Kevin urged to show greater responsibility

Richard Hobson

Mohali: Kevin Pietersen may brush aside reports of an informal reprimand from the match referee after England's defeat in Ranchi, but criticism from Sourav Ganguly cannot be dismissed as lightly given his performances in the present one-day series.

Sourav said of Pietersen: "He baffles me in the shorter format. He struggles to pace his innings and that is why he has underperformed in one-day cricket."

By England's relatively modest standards, Pietersen has a strong overall record, averaging 42.26 at a strike-rate of 87.06 runs per hundred balls, but the implicit charge of trying to go too hard, too soon, resonates strongly after heavy defeats in Kochi and Ranchi.

England, 1-2 down, must win here on Wednesday to avoid losing the five-match series and that will be so much more difficult if Pietersen, one of two "gun" batsmen alongside Eoin Morgan, once again finds himself back in the pavilion before the end of the 15th over.

He was unlucky to be adjudged caught behind three days ago. A subsequent headshake before he left the crease brought a friendly warning from Andy Pycroft, the match referee, at Ranchi airport. But Pietersen was certainly culpable in the previous game when Bhuvneshwar Kumar punished his pre-meditated aggression.

Pietersen is capable of playing long innings. Before this series he scored hundreds in his each of his previous two one-day Internationals, against Pakistan in Dubai, before announcing his retirement from the format in May. This is his first 50-overs series since reversing that decision, and changes to the regulations in the meantime have made his potentially destructive presence later in the piece more important.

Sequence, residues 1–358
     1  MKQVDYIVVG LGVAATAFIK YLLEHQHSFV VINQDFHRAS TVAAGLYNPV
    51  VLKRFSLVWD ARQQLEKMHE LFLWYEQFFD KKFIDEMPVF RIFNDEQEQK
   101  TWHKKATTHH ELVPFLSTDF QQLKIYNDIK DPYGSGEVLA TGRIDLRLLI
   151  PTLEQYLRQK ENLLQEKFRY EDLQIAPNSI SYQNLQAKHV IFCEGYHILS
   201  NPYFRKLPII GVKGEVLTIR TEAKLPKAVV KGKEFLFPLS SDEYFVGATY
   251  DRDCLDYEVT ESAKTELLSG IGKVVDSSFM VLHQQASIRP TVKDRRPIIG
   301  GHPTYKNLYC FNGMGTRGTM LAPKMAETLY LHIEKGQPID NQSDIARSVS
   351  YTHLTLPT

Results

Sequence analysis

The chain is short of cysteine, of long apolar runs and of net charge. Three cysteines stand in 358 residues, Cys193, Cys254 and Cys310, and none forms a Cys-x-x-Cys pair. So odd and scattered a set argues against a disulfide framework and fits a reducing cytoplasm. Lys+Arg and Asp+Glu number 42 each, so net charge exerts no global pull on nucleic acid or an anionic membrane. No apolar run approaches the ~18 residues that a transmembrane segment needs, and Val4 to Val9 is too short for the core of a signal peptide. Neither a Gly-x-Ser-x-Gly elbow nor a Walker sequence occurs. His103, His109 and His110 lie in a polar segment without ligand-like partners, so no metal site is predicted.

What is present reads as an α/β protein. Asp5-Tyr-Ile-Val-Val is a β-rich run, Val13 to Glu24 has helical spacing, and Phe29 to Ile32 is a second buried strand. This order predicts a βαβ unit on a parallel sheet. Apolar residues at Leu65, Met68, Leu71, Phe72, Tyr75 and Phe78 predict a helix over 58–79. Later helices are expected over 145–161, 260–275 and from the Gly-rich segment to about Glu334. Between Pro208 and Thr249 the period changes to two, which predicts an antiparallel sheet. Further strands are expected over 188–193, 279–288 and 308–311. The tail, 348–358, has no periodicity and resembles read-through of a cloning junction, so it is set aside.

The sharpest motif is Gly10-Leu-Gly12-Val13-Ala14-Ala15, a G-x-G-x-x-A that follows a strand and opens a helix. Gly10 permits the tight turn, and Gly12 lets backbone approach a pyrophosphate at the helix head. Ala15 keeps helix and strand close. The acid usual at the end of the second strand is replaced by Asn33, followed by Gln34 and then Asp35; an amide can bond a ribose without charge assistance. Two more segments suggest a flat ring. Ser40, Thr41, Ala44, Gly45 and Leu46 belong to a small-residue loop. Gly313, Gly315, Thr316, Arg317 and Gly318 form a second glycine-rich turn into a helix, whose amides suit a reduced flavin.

The bowling Powerplay, invariably taken between the 11th and 15th overs, has disappeared, removing the value of a hitter at the crease during that passage. The batting Powerplay remains, but the crucial tweak is the reduction from five to four fielders allowed outside the 30-metre ring when Powerplays are not in operation.

Mahendra Singh Dhoni and Ravindra Jadeja showed what is possible by adding 82 in the last six overs in Kochi and Dhoni, India's designated finisher in all but name, was on course to win the first game at Rajkot when he forced Jade Dernbach to long-off with 55 needed from 35 balls.

One option for England is to promote Joe Root to the No. 3 position that Jonathan Trott would ordinarily fill, with Pietersen dropping to four. That would still achieve little unless Pietersen takes responsibility for being around late on, even if it means earlier cutting down on some of the risks he enjoys.

England have played down a scare when Steven Finn was hit on the right index finger during fielding drills and are confident that he will be able to bowl. Regardless of Finn's fitness, a scrubby outfield gives impetus to the idea that Stuart Meaker will be included in the hope of generating reverse swing.

The wicketkeeping position is also clearly a matter under discussion. On Monday, Ashley Giles, the limited-overs head coach, scrutinised Jos Buttler first-hand in the nets, throwing balls for Buttler to take standing up to the stumps with Huw Bevan, the muscular fitness instructor, acting as a batsman letting them through.